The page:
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Photo of Tenn. Firefighters Resting for First Time in 36 Hours Goes Viral as Death Toll Reaches 13

Playing Photo of Tenn. Firefighters Resting for First Time in 36 Hours Goes Viral as Death Toll Reaches 13

An image depicting firefighters taking a rest from battling Tennessee's wildfires for the first time in 36 hours has gone viral.

"As close as we got to seeing sleep in 36 hours," Adam Scott Momberger, of Jonesborough, wrote on Facebook as he shared the image of his comrades lying on a sidewalk.

Read: Dolly Parton Pledges $1,000 Per Month to Families Who Lost Homes in Tennessee Fire

The photo was taken after wildfires began in the Great Smoky Mountains National Park last week. A drought in the area and strong winds helped the fire spread, and by Friday, more than 17,000 acres had been destroyed by the flames.

At a press conference Friday, Sevier County Mayor Larry Waters said the death toll has climbed to at least 13, including one person who appeared to die of a heart attack. Dozens more have been injured.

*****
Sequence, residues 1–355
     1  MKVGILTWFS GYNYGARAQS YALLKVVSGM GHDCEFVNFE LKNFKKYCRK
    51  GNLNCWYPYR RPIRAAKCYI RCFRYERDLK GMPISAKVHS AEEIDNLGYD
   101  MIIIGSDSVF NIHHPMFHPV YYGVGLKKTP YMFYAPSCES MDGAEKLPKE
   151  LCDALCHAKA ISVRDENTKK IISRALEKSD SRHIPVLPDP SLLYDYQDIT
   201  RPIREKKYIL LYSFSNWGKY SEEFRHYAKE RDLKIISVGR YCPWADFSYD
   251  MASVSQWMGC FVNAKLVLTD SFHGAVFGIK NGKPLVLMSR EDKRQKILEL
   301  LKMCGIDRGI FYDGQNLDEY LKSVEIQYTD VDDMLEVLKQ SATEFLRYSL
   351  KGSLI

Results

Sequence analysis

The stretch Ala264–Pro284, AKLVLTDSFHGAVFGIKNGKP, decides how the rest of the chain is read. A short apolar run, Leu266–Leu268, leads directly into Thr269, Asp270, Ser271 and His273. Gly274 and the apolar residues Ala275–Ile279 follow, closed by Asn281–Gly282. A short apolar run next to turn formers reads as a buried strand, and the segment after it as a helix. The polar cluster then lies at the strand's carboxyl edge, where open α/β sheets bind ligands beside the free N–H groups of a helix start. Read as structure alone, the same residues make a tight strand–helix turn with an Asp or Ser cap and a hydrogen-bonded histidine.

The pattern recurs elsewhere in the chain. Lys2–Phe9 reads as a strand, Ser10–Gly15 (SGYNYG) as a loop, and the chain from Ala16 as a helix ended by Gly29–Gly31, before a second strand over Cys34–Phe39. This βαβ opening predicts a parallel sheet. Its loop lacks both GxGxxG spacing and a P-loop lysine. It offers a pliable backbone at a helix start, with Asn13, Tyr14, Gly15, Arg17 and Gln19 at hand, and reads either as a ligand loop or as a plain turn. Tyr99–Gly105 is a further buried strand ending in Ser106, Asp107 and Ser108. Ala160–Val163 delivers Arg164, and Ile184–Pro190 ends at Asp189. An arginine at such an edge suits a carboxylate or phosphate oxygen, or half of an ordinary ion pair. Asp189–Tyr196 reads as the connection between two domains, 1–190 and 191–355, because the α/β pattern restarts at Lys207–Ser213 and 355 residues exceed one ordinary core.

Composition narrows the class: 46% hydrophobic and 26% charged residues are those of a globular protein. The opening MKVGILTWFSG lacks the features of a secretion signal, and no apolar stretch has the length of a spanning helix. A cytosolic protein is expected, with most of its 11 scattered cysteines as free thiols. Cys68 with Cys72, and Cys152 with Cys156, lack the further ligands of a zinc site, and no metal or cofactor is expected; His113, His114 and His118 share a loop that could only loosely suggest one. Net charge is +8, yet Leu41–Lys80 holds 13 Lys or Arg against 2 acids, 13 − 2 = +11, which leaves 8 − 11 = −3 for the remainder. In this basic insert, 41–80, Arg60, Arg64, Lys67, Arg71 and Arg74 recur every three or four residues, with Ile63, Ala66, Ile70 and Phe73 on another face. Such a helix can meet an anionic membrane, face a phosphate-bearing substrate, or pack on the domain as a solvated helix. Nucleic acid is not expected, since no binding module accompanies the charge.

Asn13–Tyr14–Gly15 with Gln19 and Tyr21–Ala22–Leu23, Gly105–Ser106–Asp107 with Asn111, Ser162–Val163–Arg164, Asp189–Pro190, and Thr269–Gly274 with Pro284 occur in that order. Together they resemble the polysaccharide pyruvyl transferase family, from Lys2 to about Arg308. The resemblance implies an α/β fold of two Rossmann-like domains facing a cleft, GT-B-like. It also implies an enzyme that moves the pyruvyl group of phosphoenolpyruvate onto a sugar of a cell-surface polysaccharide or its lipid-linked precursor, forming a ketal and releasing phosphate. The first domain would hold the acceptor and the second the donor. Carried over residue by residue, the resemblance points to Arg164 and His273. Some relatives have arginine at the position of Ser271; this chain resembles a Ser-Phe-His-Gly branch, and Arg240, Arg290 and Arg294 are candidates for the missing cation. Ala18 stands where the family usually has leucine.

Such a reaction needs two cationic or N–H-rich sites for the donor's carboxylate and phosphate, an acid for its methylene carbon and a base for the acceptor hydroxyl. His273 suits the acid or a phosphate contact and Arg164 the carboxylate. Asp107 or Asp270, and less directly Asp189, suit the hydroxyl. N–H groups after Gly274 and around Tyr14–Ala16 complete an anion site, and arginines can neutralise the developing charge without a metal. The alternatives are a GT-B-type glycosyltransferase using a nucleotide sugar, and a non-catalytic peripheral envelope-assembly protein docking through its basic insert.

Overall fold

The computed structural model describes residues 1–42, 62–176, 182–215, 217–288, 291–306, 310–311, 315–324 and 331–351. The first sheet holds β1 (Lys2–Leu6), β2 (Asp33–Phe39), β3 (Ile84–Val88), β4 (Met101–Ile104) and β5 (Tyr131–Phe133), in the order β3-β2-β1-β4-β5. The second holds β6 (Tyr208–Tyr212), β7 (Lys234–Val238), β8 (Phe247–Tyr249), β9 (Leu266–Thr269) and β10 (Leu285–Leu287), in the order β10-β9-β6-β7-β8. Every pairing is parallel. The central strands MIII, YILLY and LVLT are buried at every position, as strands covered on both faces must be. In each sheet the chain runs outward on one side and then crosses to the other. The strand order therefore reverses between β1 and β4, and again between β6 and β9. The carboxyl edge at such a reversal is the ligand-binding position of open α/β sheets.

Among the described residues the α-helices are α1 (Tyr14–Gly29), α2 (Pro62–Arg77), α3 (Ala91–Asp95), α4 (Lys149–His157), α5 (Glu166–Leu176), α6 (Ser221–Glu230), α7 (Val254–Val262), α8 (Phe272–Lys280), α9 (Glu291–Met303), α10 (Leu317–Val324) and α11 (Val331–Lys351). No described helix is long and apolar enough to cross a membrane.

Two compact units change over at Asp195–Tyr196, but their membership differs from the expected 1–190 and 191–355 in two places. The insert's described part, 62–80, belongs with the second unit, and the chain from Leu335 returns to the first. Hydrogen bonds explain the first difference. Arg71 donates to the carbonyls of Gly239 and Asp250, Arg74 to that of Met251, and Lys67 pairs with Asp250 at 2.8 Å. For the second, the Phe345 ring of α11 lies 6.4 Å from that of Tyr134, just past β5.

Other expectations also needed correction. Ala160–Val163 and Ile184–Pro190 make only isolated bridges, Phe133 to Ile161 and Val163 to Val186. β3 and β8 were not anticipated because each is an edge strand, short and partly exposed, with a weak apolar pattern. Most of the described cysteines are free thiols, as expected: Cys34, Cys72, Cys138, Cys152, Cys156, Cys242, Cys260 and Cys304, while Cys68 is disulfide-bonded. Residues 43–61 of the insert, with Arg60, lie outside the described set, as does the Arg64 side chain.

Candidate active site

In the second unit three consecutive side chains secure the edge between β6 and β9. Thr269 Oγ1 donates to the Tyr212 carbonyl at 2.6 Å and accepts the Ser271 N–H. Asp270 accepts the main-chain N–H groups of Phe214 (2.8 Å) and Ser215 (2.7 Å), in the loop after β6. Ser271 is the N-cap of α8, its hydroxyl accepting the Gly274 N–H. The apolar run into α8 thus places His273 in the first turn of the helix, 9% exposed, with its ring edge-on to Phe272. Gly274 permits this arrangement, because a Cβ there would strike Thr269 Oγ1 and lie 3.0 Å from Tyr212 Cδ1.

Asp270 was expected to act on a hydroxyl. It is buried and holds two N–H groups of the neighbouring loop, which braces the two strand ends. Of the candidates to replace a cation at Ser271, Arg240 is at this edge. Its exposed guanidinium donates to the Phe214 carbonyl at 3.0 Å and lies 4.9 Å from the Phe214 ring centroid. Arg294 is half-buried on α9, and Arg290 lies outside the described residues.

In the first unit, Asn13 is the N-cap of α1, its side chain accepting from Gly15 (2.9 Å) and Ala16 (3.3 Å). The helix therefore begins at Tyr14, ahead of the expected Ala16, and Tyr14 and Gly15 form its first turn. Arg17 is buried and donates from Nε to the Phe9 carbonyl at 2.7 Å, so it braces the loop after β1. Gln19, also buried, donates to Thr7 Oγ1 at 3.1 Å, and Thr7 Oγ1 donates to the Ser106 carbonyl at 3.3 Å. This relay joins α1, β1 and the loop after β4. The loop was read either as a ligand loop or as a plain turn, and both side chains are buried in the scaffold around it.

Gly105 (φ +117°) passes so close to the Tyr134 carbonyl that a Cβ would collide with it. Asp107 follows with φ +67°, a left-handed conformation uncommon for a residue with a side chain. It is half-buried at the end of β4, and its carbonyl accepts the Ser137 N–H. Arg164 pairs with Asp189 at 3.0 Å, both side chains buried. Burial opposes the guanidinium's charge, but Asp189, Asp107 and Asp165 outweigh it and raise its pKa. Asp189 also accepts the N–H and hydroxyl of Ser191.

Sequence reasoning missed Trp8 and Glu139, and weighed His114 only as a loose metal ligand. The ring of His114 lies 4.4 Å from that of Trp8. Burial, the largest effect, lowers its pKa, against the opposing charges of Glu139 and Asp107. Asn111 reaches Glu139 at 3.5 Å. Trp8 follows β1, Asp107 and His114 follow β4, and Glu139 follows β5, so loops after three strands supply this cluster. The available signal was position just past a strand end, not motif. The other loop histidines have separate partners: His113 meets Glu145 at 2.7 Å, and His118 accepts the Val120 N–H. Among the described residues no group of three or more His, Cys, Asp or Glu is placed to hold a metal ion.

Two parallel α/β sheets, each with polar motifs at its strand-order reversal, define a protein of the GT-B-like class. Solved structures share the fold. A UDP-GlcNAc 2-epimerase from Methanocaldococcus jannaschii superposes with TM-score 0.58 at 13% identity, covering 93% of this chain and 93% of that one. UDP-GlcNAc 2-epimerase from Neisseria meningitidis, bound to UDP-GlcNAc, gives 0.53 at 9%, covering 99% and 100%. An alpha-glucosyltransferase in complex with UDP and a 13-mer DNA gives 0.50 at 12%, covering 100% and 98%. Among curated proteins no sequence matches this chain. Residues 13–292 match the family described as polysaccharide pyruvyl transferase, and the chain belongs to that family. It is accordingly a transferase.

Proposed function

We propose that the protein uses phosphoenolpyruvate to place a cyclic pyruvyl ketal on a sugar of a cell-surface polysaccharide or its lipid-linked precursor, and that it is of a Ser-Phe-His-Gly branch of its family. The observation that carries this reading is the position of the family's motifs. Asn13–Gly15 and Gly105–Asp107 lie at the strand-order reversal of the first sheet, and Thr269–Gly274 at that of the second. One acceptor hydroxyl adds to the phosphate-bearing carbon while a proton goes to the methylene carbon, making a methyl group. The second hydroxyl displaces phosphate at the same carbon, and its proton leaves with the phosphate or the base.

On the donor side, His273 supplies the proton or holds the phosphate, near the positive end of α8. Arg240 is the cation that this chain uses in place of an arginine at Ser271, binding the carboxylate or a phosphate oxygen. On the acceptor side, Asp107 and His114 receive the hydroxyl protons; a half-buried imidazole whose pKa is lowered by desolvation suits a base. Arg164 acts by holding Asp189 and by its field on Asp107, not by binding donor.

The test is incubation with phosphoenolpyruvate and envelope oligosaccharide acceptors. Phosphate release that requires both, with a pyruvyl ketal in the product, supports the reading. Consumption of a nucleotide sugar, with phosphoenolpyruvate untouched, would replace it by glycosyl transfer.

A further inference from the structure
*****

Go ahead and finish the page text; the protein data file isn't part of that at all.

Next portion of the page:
Family members are desperately waiting for word about missing loved ones as first responders begin to search previously inaccessible areas.

On Friday, Gatlinburg residents were allowed to return to the resort town for the first time since more than 14,000 people were forced to evacuate Monday. It was their first chance to survey the damage close-up, from burned-down homes to wrecked cars.

Mayor Waters said that at least 1,000 buildings in the area were destroyed or severely damaged.

Read: Dollywood Employee Finds Burned Bible Page With Haunting Message

"I can't describe to you the feelings we have over this tragedy," he said during a news conference.

Authorities believe someone is responsible for starting the fires, although it is not yet clear if it was intentionally set.

"There were no natural factors," Clayton Jordan, Deputy Superintendent for the Great Smoky Mountains National Park said at a press conference. "There were no lightning strikes that could have started this. So it's very obvious that this was a human caused fire."

Agents from the Bureau of Alcohol, Tobacco, Firearms and Explosives are helping investigate the cause.

Watch: Aspiring Weatherman Started Forest Fire So He Could Report on It

 

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